BY Tim Middleton
Even if we did not do any Latin at school, we may well have come across the sentence: “Veni, vidi, vici”, which, of course, were the words attributed to Julius Caesar after he had defeated Pharnaces II of Pontus at the Battle of Zela, which words mean, “I came; I saw; I conquered”.
It all sounds so easy! He just came along; he had a quick look and saw what was there and, simple as pie, he won — no problem! Next, please! The coming was obviously important; he had to be there to conquer! The conquering was perhaps also pretty straightforward for seasoned soldiers. But what was so important about the seeing? What was it that he saw that led to him being able to conquer?
In short, he had vision; he saw the conquest in his mind. That will have been based on him seeing the terrain and weather conditions at that time, the attitude and resources of the opposition, the strength and commitment of his soldiers, the reward and promise that awaited them, the tactics and strategy required. He will have seen all those and he will have thought: “We can conquer. There is nothing here which need fear or worry us.” He had vision in abundance.
We have shared previously how we need to help children have vision, failing which there will only be “di-vision”. What then must they learn to see? Like Caesar, they need to see the opportunities that lie within education. They need to see the positives that are bubbling away there. They need to see the possibilities that it has for growth, for development, for character. They need to see the sense of what is being given them, the significance of what is being shared, the value and worth of what is entrusted to them, the relevance of it all within life. They need to see the choices they have, the changes they can make. They must learn to see the dangers, the obstacles, the challenges, to avoid or overcome or suppress them. They need to see the solutions that are hiding in the wings, just as the meaning is always hiding in the text. They need to see the big picture, if they are to conquer.
We will all know the story of the optimist who sees the glass as half-full and the pessimist who sees it as half-empty. Those are the two traditional ways of looking at the glass and through that at the situation. However, those are not the only ways to view it; we need to have vision to see it differently still. So the scientist sees the glass is completely full (it is after all full of water and air), the engineer declares the glass is twice as big as it needs to be, the opportunist drank the rest of the water while the others were debating the whole matter, the enlightened person is just grateful to have a glass and finally, for the socialite, it is not about seeing whether the glass is half-full or half-empty, but about seeing who is paying for the next round! They all have vision, as Caesar had.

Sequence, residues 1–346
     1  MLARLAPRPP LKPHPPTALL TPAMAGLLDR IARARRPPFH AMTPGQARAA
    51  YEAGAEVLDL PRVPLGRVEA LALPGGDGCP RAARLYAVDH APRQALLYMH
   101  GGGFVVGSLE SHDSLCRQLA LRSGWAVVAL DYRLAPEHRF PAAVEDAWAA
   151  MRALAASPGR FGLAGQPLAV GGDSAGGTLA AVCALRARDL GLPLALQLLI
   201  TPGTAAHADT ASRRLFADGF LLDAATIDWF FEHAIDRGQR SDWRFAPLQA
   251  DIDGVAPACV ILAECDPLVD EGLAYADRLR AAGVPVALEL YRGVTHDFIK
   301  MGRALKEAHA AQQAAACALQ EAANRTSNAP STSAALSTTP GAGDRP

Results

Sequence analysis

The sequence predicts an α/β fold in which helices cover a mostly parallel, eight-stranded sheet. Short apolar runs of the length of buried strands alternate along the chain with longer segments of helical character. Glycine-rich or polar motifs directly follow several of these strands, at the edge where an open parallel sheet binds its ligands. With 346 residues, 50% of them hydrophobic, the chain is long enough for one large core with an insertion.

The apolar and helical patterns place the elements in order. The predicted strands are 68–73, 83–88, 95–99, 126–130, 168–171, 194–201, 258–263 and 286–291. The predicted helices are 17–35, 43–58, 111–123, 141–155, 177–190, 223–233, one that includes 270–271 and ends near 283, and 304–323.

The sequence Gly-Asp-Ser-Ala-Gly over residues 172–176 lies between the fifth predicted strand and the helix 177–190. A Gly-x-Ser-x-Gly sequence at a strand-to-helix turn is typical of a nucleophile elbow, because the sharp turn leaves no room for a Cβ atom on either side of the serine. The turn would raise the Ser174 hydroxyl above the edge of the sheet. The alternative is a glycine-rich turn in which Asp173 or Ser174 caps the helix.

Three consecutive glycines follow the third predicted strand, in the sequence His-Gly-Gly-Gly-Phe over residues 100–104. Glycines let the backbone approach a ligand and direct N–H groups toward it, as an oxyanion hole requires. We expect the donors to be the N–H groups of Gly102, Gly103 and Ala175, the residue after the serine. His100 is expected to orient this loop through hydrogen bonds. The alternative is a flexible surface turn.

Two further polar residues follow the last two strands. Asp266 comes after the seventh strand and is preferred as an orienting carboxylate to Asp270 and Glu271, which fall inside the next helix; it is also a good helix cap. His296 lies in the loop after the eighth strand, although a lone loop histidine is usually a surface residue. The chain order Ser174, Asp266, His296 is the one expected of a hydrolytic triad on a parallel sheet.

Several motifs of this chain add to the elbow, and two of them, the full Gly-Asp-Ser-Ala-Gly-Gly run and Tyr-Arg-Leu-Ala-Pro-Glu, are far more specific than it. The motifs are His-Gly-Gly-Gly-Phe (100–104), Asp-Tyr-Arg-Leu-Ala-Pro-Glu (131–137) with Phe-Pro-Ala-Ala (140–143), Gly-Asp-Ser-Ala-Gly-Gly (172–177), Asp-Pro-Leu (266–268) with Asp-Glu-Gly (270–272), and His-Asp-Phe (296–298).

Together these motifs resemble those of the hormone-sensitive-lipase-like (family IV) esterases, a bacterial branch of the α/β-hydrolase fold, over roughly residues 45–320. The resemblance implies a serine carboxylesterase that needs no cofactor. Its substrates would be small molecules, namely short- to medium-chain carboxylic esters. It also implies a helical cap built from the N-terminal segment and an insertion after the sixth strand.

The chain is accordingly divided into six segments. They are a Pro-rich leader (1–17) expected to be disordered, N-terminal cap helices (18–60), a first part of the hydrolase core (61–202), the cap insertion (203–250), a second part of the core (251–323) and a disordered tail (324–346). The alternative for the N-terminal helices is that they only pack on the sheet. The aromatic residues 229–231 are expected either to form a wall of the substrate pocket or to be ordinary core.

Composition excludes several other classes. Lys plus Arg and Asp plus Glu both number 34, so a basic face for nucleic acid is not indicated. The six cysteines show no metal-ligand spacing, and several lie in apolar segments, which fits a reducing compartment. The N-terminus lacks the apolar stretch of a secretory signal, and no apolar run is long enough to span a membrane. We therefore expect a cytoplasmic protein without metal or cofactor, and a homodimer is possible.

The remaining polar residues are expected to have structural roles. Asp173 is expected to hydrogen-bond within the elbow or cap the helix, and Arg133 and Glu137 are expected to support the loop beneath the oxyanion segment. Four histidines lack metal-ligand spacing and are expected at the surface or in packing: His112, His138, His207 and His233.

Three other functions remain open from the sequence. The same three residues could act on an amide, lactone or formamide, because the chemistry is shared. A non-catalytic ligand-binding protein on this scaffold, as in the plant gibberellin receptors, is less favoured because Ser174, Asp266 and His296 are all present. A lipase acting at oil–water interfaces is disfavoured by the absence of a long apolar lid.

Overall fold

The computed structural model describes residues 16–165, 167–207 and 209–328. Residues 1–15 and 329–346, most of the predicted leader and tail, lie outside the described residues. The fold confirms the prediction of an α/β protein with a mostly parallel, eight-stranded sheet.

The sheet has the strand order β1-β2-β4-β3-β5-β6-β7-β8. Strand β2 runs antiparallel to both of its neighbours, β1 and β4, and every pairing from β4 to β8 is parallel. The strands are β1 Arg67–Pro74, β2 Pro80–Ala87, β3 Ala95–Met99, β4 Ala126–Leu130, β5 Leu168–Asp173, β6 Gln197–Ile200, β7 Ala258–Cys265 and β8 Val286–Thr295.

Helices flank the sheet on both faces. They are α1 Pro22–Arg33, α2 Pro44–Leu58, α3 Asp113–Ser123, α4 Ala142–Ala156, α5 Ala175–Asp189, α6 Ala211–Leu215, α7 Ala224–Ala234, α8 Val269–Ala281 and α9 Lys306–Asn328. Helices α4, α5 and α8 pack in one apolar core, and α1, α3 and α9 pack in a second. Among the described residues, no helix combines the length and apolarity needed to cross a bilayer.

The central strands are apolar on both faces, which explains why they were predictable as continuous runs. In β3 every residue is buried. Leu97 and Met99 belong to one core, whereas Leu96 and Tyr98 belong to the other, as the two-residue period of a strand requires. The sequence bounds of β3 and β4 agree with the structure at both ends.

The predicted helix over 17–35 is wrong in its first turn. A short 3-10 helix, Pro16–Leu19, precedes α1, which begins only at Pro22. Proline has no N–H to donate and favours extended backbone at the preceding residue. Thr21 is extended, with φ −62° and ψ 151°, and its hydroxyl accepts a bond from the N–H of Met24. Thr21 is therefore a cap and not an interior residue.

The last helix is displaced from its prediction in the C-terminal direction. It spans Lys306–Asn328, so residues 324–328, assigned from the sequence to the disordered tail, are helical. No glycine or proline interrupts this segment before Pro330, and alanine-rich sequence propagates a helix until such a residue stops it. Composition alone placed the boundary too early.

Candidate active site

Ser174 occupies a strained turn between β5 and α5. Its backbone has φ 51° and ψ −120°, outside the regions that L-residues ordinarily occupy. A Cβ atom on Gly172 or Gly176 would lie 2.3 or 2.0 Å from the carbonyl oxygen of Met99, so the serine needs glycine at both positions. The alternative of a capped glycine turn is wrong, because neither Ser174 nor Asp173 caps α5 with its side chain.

In a similar way, we may have heard of the three pupils who were asked what they thought of school. The one responded that, “I see school as a great way of gaining qualifications to go further.” The second pupil replied that, “I see school as a necessary requirement.” And what did the third one say? “I see school when we drive in the gate.” Each has a very different view of education, but only one really has any vision for education. The view must become a vision.
For many years, the Peanuts cartoons by Schulz have delighted audiences. A memorable cartoon had the characters Lucy, Linus and Charlie Brown lying on the baseball pitcher’s mound when Lucy states: “If you use your imagination, you can see lots of things in the cloud formations. What do you see, Linus?” Linus in turn responds, “Well, those clouds up there look like the map of the British Honduras on the Caribbean. That cloud up there looks a little like the profile of Thomas Eakin, the famous painter and sculptor, and that group of clouds over there gives me the impression of the stoning of Stephen. I see the apostle Paul standing there to the side.” Charlie Brown has looked somewhat alarmed throughout these descriptions and is then asked by Lucy what he saw. “Well, I was going to say I saw a ducky and a horse, but I changed my mind.”
What do we see from this article? Do we “see a generation rising up to take its place with selfless faith” (as a popular modern hymn declares)? Do we see how our children can (and must) have vision? Are we helping our children to conquer the challenges that they face in life? Do they come to school, then see and then conquer? Are they like Linus or Charlie Brown?
We shall see in due course.
Tim Middleton is the executive director of the Association of Trust Schools [ATS].
The views expressed in this article, however, are solely those of the author in his private capacity and do not necessarily represent the views of the ATS. Email: email@example.com; website: www.atschisz